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Sustainable Software Systems Using Circular Economy Principles

The circular economy is a framework that aims to keep products and materials in use for as long as possible, reducing waste and pollution, and regenerating natural systems. As practitioners or change enablers, we can support sustainable product development using concepts from the circular economy in our daily work.

Ines Garcia spoke about the circular economy and agile product development at XP 2023.

The IT industry can reduce waste and pollution by embracing circular economy principles, Garcia mentioned. This includes designing products for reuse and refurbishment, promoting the sharing economy, implementing closed-loop supply chains, and responsibly managing electronic waste. The principles can guide the products we create and how we create them, Garcia said.

Garcia explained why the circular economy matters to her:

It provides a pathway to decouple economic growth from environmental degradation and create a more resilient and thriving future for all, not just humans as species.

PESTEL analysis is a strategic tool often applied in the circular economy world, that just suits any product organisation and therefore worth equipping as agile practitioners on our toolboxes, Garcia said. PESTEL stands for Political, Economic, Social, Technological, Environmental, and Legal factors. This tool evaluates external macro-environmental factors impacting an organization:

For example, suggestions for using it include analyzing how these factors can impact product development, project funding, team dynamics, regulatory compliance, and market demand. To its core, PESTEL analysis helps inform decision-making, identify opportunities, and address risks related to sustainability and circularity.

We often think of software and services as ephemeral, non physical. Yet the crossroads with the circular economy are rather wide, Garcia said.

As practitioners and change enablers, we can support sustainable software development by promoting practices such as green software engineering, optimizing energy consumption, and reducing waste in the software development life cycle, Garcia said. This is a simple starting point.

Garcia mentioned that a good next step is to advocate for the use of renewable energy sources, implement eco-friendly infrastructure, and raise awareness about the environmental impact of software development:

Don’t forget about the physical items we use such as hardware, remember to keep products and materials in use for as long as possible. Extend and maximise items use, repair, upcycle, etc.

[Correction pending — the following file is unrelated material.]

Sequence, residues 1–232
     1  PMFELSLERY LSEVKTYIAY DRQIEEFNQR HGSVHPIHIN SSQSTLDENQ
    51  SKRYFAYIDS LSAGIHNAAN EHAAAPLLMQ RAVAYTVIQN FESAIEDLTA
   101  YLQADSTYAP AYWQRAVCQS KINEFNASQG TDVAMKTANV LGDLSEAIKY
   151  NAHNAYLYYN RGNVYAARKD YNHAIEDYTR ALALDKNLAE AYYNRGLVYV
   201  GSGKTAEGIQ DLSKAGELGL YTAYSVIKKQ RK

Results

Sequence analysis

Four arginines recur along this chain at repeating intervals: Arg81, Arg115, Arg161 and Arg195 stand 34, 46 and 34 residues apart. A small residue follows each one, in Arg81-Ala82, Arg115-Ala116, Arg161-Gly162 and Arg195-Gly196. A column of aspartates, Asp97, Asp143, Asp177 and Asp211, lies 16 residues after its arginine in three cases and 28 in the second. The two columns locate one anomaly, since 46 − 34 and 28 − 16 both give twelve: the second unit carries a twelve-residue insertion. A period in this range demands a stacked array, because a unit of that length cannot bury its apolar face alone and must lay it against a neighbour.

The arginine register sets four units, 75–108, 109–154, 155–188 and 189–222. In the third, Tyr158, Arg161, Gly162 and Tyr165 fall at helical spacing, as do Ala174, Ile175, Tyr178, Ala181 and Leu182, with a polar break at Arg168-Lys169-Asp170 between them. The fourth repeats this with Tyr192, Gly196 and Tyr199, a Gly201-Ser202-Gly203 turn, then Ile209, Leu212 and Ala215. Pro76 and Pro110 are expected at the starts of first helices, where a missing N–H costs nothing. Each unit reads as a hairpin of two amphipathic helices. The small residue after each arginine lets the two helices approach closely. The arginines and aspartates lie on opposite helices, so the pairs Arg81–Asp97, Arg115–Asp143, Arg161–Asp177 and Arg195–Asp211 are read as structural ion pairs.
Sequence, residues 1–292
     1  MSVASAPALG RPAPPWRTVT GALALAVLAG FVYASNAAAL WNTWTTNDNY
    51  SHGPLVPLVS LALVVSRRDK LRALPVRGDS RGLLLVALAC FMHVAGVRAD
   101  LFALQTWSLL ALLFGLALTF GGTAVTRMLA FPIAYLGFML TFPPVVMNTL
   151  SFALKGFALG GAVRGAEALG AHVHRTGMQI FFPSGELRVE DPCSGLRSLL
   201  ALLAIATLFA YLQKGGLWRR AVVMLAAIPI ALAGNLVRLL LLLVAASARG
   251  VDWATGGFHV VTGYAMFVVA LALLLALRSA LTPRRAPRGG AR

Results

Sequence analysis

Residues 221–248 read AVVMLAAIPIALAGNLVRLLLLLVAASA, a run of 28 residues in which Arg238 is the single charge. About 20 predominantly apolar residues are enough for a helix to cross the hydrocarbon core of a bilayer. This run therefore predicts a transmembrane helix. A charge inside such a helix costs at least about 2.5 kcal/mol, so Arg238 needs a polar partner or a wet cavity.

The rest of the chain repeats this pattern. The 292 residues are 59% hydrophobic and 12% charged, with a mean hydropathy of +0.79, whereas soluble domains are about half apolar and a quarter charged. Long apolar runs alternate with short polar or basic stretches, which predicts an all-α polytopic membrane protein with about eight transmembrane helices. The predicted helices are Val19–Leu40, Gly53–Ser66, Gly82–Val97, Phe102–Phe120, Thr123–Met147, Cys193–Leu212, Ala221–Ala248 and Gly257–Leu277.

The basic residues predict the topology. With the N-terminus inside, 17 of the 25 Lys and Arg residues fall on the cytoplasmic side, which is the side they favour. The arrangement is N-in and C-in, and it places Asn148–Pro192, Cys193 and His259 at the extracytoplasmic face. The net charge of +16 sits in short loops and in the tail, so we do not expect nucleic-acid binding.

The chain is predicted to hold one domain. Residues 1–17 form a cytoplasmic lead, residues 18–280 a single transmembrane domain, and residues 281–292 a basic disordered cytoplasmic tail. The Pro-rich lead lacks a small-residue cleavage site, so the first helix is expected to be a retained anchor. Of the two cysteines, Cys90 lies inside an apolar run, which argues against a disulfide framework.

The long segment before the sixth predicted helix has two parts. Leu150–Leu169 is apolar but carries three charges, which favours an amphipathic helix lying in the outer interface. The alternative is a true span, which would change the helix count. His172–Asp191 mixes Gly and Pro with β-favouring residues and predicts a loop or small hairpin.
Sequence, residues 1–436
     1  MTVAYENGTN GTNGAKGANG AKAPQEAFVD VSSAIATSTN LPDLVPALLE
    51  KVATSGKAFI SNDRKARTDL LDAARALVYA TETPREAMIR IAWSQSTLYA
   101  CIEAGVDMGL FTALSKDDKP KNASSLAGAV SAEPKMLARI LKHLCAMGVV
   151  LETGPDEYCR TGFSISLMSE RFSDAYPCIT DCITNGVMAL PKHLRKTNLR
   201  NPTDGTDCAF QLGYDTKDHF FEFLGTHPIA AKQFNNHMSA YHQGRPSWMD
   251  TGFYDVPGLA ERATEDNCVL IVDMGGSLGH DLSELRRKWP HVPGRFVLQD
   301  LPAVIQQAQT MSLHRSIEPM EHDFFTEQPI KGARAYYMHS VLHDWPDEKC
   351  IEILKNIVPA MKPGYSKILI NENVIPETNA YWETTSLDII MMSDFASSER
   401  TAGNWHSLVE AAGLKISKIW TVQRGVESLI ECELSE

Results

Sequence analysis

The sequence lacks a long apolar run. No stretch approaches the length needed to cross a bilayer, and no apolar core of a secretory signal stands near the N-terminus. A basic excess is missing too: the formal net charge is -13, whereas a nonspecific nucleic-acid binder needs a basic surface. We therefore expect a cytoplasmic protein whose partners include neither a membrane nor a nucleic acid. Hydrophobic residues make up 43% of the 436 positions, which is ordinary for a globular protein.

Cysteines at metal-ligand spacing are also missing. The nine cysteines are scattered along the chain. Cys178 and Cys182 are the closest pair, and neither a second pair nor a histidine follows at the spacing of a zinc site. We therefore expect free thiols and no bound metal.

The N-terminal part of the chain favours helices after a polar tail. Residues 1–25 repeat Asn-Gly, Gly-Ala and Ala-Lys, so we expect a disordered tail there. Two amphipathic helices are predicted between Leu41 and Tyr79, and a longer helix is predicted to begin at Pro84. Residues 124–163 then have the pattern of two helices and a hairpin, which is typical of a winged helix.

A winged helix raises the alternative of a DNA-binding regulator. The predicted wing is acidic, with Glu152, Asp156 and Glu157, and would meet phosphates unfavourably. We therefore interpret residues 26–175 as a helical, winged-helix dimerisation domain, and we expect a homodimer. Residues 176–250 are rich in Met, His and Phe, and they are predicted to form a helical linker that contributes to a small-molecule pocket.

InfoQ interviewed Ines Garcia about the circular economy and sustainable product development.

InfoQ: What can be done by the IT industry to reduce waste and pollution?

Ines Garcia: The industry can prioritize energy efficiency, adopt sustainable sourcing practices, and minimize the use of hazardous materials in production. Just to name a few.

Needless to say, tech is everywhere. I see it not as an industry, but as a fabric layer in our 21st century. If you think about it, tech is touching almost every aspect of society and the economy.

It has become an integral part of our daily routines, communication, entertainment, transportation, healthcare, and more. When I refer to tech as a fabric layer in our 21st century, I mean that it permeates and interconnects everything, much like a fabric weaves together different threads. It has a profound impact on how we live, work, and interact.

Whilst it has potential to support the reduction of planetary boundaries overshoot and the social shortfall, it’s essential to recognize that technology also has its own environmental footprint. The production, use, and disposal of tech devices and infrastructure contribute to resource consumption, waste generation, and carbon emissions; and the huge amounts of energy consumption.

InfoQ: What do you hope that the future will bring?

Garcia: When considering the topic at hand, often the concept of "the future" is brought up. In the question posed here, for instance, we are prompted to contemplate what lies ahead. In our limited time, we must recognize the urgency to take action. Today is the focal point for change, as we cannot afford to delay further.

My hope is that TODAY will bring a widespread adoption of circular economy principles, where sustainability becomes seamlessly integrated into every aspect of our lives and business practices.

In envisioning TOMORROW–rather than future–I see a world where organizations prioritize the well-being of the planet and its inhabitants (not just humans). This entails using resources efficiently, regenerating in the process, and leveraging technology and innovation to create a thriving and resilient environment.

And doing so not just for future generations, but to dramatically slow down the detrimental effects we impose–us humans– as one species into our biosphere, which is not ours alone.

The future is not to be predicted nor forecasted, but to be imagined so that it can be created. It’s up to us.

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